Consequently, if an hourly employee works 10 hours in 1 day, that employee must be paid as follows: the first 8 hours at the employee's regular rate of pay and the last 2 hours, at the one and one-half time that employee's regular rate of pay.MEAL PERIOD VIOLATIONS
California Labor Code provides that an employer may not employ an employee for a work period of more than five hours per day without providing the employee with a meal period of not less than 30 minutes, except that if the total work period per day of the employee is no more than six hours, the meal period may be waived by mutual consent of both the employer and employee.
Additionally, an employer may not employ an employee for a work period of more than 10 hours per day without providing the employee with a second meal period of not less than 30minutes, except that if the total hours worked is no more than 12 hours, the second meal period may be waived by mutual consent of the employer and the employee and only if the first meal period was not waived.
A "30-minute meal period" does not count as work time. Therefore, every employee must be free to leave the premises for the full 30 minutes of his meal period.
Employers who require employees to attend a luncheon or a training course or a conference or a dinner or any other work-related activity which is accompanied by a meal are required to count the meal period as work time and are also required to pay for the cost of the meal. As the time is work time, it must be counted as hours worked for overtime purposes. In addition, employees continue to be entitled to a duty free 30 minute meal period.REST PERIOD VIOLATIONS
Every employer shall authorize and permit all employees to take rest periods, which insofar as practicable shall be in the middle of each work period. The authorized rest period time shall be based on the total hours worked daily at the rate of ten (10) minutes net rest time per four (4) hours or major fraction thereof.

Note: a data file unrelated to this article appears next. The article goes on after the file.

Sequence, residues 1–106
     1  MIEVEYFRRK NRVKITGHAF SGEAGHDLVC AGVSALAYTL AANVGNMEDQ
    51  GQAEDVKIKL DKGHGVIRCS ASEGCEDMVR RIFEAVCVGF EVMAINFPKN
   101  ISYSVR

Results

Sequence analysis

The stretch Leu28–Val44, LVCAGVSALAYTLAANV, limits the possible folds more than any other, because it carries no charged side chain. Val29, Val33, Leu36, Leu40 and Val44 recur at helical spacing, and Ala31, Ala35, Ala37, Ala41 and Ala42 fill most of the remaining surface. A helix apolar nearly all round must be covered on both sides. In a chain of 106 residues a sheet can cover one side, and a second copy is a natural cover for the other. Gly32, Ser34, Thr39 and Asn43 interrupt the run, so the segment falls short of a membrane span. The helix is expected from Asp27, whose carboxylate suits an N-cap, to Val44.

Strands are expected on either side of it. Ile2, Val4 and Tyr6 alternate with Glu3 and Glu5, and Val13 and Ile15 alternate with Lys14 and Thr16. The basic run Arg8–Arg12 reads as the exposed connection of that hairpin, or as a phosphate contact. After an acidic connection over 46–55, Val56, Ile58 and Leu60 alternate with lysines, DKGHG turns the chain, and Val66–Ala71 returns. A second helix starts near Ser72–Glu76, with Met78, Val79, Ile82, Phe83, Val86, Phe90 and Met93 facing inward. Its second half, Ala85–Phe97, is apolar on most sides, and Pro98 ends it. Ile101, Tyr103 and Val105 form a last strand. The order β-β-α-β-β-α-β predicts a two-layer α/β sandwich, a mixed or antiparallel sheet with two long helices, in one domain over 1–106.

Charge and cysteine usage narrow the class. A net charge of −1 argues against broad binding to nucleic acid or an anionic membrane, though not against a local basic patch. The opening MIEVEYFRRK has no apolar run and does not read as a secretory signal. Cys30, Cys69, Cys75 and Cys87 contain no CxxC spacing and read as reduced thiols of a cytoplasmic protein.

Authorized rest period time shall be counted as hours worked for which there shall be no deduction from wages. If an employer fails to provide an employee a rest period in accordance with the applicable provisions of California law, the employer shall pay the employee one (1) hour of pay at the employee's regular rate of compensation for each workday that the rest period is not provided."OFF-THE-CLOCK" WORK VIOLATIONS
Employees may at times be asked to attend a training session or a conference or a meeting outside of his/her regular working hours. These "off-the-clock" activities are considered to be work time. Therefore, employers must compensate employees for time spent on these activities.EMPLOYERS ARE REQUIRED TO KEEP ACCURATE RECORDS
Wage and hour regulations contain numerous record-keeping requirements for employers. Employers have a statutory duty to comply with the regulations set forth in the California Labor Code, all of which mandate the employer to keep accurate records, including the number of hours worked, rate of pay for each hour, and total wages owed. The employer also has an obligation under the record-keeping requirements to track meal periods. Failure to record hours alone is a criminal offense.
Additionally, employers are required to keep on file for at least three years information regarding hours worked by its employees. Where an employer has failed to keep records required by statute, the consequences of such failure should fall on the employer, not the employee. In such a situation, imprecise evidence by the employee can provide a sufficient basis for damages.
We are here to protect your workplace rights. If you have any questions regarding your wages, please contact us for a confidential free consultation. We will listen to your concerns, evaluate your specific situation and provide you with your legal options.